John Fitzgerald c1912, the Wild Man of Carcoar
For some years at the beginning of the 20th century, a wild looking hairy man had been seen around the hill country between Carcoar and Blayney. This giant of a man, well over six feet tall, was John Fitzgerald, a former miner and wrestler, who became markedly eccentric but hardly posed a threat to those people who came across him.
While his origins remain unclear, it appears he was well educated. He and his brother Gus, who was a New Zealand wrestling champion, had worked at Browns Creek mine near Blayney for many years.
It was said that Fitzgerald became a hermit after an arranged marriage with a woman from England fell through. He grew his hair long and fashioned it into dreadlocks, although it was said his soft locks were the envy of many women.
He carried an enormous axe as he roamed the bush although it appears he did not use it to club animals for food. For clothes he wore an oilskin coat tied around the waist with a rope, and a pair of clogs on his feet. For food he ground corn in a little corn mill to make a sort of porridge and drank milk, supplemented with food given to him by some local families.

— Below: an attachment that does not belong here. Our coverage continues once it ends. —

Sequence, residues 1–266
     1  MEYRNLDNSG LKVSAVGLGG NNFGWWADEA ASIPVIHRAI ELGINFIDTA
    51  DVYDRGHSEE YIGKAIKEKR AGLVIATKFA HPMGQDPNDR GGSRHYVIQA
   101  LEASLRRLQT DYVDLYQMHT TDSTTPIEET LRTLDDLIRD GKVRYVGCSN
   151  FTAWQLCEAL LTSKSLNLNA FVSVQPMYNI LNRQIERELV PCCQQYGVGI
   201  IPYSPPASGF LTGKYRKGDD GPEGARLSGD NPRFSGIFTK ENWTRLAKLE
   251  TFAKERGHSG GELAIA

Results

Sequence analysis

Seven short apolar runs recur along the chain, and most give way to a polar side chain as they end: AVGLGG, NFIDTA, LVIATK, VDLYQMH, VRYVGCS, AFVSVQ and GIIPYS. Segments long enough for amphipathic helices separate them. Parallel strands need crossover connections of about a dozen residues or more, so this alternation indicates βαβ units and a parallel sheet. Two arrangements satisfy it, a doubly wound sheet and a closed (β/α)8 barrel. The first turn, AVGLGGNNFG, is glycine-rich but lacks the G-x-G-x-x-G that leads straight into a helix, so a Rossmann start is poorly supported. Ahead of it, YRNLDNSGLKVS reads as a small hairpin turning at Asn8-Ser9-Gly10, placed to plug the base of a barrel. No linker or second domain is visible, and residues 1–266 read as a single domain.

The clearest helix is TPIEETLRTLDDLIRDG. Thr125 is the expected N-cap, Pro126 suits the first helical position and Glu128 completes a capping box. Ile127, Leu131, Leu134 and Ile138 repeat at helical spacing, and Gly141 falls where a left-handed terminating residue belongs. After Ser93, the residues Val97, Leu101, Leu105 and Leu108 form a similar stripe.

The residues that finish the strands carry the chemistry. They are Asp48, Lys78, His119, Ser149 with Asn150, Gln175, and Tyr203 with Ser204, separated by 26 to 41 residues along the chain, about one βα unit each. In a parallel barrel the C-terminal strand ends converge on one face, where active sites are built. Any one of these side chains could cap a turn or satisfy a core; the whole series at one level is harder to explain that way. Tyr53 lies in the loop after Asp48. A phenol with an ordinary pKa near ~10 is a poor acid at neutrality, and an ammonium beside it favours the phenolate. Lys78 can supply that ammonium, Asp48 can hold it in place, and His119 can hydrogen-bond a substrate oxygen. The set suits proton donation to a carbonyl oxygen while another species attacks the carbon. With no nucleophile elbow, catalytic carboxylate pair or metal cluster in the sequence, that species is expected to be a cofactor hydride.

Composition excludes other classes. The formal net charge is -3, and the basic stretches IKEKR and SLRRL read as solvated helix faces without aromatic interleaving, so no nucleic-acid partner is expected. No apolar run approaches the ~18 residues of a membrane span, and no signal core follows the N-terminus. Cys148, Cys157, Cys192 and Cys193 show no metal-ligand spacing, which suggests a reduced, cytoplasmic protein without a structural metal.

Although his wild appearance may have startled some people, he was in fact a gentle man who entertained the few people he trusted, such as the Cooper family, playing the flute and tin whistle while the children danced.
While Fitzgerald appeared to be harmless, if a little frightening to some people, in October 1908 local police captured him and took him to Carcoar Hospital as he was heard to be in failing health. There, with the assistance of several police officers, he was forced to have a bath, although he refused to have his hair cut.
A great crowd of locals visited him in the hospital, curious to see for themselves this strange man who spoke of Sampson, Hercules and Brian Boru.
As his fame spread, Fitzgerald was offered a place in a travelling circus and the Melbourne Waxworks wanted to exhibit him. But his strange manner and talk convinced the authorities that he was insane, a condition with which he was charged in court, as was normal in those days.
He was to be sent to Parramatta Lunatic Asylum but died in Bathurst Gaol on 1 November, apparently from heart disease. He was aged 72. His name passed into local legend, the only tangible relict remaining being a photograph showing his dreadlocks, huge hands and determined expression.